One of the most talked-about films on the horror and fantasy film festival circuit had its UK premiere at Film4 FrightFest in August. Fabrice du Welz’s Alleluia is based on the real-life story of the ‘Lonely Hearts Killers’: in 1940s America, Raymond Fernandez and Martha Beck would find their victims through ‘lonely-hearts’ ads and murder them after Raymond married the victim. The case has been the subject of films before: the wonderful and underrated The Honeymoon Killers, directed by Leonard Kastle in 1969, and the magnificent, color-sated Deep Crimson, made in Mexico in 1996.
It’s no surprise that the case has fascinated filmmakers for so long. The story of two very odd and clearly unhinged personalities who carve a murderous path across America contains everything that frightens and attracts us all: love, money, sex, lust, anger. And in du Welz’s film they all meld together to create an explosive mélange of emotions that will leave no one indifferent.
Lola Dueñas is Gloria, a lonely woman working in a morgue and living a life uncomplicated by men after leaving her husband. At the insistence of her friend she signs up for a dating site and in her first encounter meets Michel (a brilliant, heart-stopping Laurent Lucas), who claims to be a shoe salesman.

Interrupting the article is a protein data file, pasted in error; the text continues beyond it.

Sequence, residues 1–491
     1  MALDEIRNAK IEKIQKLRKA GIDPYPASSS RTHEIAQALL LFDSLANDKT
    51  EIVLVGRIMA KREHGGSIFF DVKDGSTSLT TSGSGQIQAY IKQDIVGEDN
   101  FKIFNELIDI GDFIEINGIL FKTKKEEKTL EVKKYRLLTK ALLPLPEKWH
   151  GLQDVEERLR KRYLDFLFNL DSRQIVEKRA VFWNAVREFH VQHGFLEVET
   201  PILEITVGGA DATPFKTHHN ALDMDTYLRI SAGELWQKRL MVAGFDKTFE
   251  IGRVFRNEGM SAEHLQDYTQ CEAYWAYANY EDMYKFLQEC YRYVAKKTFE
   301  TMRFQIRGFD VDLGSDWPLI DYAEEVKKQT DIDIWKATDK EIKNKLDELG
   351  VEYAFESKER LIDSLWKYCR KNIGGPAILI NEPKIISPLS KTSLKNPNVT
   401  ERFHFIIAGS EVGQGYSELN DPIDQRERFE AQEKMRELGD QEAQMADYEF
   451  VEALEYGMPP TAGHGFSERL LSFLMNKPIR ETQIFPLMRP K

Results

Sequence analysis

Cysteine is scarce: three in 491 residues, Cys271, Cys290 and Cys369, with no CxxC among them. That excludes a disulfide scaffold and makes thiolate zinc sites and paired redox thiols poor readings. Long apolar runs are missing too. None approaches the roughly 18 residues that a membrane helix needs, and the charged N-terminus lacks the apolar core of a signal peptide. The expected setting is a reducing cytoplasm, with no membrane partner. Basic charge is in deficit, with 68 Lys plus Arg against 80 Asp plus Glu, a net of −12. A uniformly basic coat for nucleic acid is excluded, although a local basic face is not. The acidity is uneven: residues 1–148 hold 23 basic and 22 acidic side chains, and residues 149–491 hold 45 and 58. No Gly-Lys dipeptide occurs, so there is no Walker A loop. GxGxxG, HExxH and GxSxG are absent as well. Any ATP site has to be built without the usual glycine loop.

It’s lust at first sight as Gloria falls head-over-heels in love with Michel, not knowing that he is, in fact, a small-time crook who makes a living by seducing and conning lonely women such as Gloria out of their money. When she discovers Michel’s true nature, Gloria finds herself unable to walk away: the two hatch a plan whereby Gloria will help Michel with his schemes, posing as his sister. But the plan goes badly wrong when in a frenzied fit of anger Gloria attacks Michel’s prey.
Powered by incredible performances from the entire cast, Alleluia is a force of nature: it’s a thunderstorm that will stun the audience again and again, a tempest that sweeps in the viewer and won’t let go. Violent, funny, unexpected and unexpectedly touching, the story of Michel and Gloria is told in episodic encounters, each of which furthers our understanding of their true nature. Shot in glorious 16mm, the frame is as alive as the players occupying it, and each scene is staged carefully to create a sense of heightened reality, which is both captivating and unnerving.
Not only one of the best film of 2014 but also a bona fide all-time gem, Alleluia is a shocking, bold film from one of today’s most exciting filmmakers. A must-see.
Watch the trailer: